July 2013, Week 1


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Profit and Investment: Does More of One Mean Less of the Other

July 7, 2013
By Dean Baker
CEPR (July 2, 2013)

Anyone who expects a huge uptick in investment to provide a major boost to demand is either smoking something serious or simply has never looked at the data. It hasn&#039;t happen in the last 65 years and it&#039;s not about to happen now.

One of the simple facts of the economy that troubles many economists is the absence of any relationship between profits and investment. Economists like to tell people that if we make investment more profitable, we will have more investment. It turns out the world doesn't work that way.
	Here's one of my favorite graphs of the economy going back to the early years right after World War II. It's about as simple as it gets. It shows the investment share of GDP. Then it shows the profit share of net value added in the corporate sector. The measure of profit here is the broad measure of business operating surplus. Using net takes away the downward bias in recent years that would result from a rising depreciation share of output. The last line is the after-tax profit share.
	The first item worth noting here is that investment doesn't fluctuate all that much. It peaks at 13.4 percent of GDP in 1981. The closest it ever comes to this share again is in the looniness of the stock bubble when the ability to raise money on Wall Street for every crazy idea pushed the investment share up to 12.7 percent of GDP. Even this number is overstated by 0.3-0.4 percentage points because of the growth of car leasing in the 1990s. (A leased car is owned by the leasing company and therefore counts as investment. By contrast, when a consumer buys a car it is treated as consumption.)
	The takeaway is that anyone who expects a huge uptick in investment to provide a major boost to demand is either smoking something serious or simply has never looked at the data. It hasn't happen in the last 65 years and it's not about to happen now.
	But the other part of the story that provides great fun and amusement is the seeming inverse relationship between profits and investment. Note that the investment share is at its highest in the late 1970s and early 1980s when the profit share (both before and after-tax) is at its lowest. The profit share, especially the after-tax share, rises in the 1980s as the investment share falls. Then we have a further rise in the last five years and the investment share falls again.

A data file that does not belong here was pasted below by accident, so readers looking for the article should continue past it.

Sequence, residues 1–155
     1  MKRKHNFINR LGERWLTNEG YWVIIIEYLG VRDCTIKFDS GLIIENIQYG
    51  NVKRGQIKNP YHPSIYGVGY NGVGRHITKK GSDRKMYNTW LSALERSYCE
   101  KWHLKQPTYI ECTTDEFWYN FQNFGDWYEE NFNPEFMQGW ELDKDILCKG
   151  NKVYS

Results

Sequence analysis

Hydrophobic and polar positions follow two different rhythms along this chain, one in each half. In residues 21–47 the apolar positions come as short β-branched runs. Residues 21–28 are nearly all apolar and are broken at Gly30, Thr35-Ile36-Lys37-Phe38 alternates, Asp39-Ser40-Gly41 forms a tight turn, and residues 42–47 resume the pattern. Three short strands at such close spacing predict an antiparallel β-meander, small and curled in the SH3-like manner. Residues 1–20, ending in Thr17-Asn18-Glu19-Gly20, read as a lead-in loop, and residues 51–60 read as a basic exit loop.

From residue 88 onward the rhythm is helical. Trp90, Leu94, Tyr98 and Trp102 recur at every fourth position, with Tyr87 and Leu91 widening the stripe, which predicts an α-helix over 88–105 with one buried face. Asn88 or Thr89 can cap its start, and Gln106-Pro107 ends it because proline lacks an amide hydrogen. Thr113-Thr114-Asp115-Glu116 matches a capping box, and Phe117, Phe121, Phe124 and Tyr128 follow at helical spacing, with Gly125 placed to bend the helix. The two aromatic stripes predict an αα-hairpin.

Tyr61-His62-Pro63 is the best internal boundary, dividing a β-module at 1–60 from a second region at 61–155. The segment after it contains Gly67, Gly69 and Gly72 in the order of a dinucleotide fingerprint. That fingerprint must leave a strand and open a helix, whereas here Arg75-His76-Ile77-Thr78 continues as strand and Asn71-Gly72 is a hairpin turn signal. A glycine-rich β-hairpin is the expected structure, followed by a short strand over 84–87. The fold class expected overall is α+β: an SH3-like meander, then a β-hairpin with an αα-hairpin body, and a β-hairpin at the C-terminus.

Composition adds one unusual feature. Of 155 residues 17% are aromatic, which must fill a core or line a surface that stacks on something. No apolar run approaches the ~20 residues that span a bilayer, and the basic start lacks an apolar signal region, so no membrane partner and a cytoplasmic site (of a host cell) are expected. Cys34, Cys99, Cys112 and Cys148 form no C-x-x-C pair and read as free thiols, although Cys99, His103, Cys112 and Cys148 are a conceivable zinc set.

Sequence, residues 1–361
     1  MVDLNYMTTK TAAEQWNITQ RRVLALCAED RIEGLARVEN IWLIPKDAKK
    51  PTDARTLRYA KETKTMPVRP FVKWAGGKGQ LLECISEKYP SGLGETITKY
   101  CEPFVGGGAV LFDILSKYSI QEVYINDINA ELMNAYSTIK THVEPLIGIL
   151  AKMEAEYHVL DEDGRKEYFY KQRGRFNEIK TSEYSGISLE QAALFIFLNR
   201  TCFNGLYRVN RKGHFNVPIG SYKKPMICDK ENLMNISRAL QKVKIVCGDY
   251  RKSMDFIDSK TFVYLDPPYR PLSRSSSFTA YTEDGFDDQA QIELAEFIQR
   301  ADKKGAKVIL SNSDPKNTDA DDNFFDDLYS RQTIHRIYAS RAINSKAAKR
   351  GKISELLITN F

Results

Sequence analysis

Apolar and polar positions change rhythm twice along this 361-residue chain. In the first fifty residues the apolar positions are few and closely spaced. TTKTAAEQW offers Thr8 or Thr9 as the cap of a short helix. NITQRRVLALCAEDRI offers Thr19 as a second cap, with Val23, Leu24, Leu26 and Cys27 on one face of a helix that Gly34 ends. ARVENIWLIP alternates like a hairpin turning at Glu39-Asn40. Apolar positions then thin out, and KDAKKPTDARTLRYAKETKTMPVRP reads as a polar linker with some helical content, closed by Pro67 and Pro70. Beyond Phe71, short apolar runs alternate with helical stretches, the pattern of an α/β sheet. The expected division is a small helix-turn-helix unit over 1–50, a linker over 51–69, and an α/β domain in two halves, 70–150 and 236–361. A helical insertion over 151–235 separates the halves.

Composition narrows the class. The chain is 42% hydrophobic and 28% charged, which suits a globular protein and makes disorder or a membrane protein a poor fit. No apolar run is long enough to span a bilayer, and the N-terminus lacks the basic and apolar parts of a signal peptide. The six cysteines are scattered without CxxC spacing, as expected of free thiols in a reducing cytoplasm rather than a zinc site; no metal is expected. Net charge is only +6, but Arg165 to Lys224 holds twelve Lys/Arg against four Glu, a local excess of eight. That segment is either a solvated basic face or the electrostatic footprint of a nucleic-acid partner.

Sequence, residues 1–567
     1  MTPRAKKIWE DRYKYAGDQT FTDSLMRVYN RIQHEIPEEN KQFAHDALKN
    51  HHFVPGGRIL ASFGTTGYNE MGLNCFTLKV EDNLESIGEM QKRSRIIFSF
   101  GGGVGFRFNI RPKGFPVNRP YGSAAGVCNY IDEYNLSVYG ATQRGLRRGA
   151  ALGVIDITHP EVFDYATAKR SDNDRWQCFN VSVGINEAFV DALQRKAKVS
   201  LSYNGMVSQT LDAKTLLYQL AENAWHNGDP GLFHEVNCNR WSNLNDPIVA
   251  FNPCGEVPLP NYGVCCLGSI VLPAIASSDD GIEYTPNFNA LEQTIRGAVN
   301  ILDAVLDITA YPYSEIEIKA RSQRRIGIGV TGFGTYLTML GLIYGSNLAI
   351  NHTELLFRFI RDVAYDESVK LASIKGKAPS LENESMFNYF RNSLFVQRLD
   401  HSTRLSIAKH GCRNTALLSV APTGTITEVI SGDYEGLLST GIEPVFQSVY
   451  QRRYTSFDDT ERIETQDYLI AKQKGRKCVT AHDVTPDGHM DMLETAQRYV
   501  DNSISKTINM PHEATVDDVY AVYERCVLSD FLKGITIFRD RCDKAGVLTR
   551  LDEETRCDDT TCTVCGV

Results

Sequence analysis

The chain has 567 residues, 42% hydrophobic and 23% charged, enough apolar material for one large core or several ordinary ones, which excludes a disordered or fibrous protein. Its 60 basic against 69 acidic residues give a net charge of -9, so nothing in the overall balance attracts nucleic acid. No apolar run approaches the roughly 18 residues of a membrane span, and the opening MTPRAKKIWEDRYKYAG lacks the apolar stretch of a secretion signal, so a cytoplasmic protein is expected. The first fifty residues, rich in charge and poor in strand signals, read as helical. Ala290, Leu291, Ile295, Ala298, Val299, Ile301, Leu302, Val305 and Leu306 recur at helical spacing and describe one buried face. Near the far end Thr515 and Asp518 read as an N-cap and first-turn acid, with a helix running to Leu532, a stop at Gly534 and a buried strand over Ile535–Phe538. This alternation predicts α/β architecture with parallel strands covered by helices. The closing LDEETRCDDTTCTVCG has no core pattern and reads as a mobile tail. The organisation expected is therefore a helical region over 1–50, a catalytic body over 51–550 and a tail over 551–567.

Why isn't a higher return to capital associated with more investment? Well if there is a substantial amount of monopoly power in the economy then it would not be surprising that we don't see more profits leading to more investment. In that case the high profits are a direct result of restricting supply. The last thing a company wants to do in this context is produce more output, which would then push down its profit margins.
	Apple is the quintessential example of such a company. It's a hugely profitable company that can't think of anything to do with its profits. Recently it has been giving more of them back to shareholders in dividends.
	Unfortunately the Apple story is not unique. We have many industries where the leading firms are drowning in profits for which they have no use.
	If investment is driven by demand this can actually lead to the perverse situation we see in the graph. The more money that goes to firms in profits the less goes to workers in wages. If workers spend their wages, in contrast to companies hoarding profits, then we see less demand growth as the profit share rises.
	I won't say that this is necessarily the story behind the picture in the graph, but it certainly fits better than a story that has investment increasing in response to a rise in profits.


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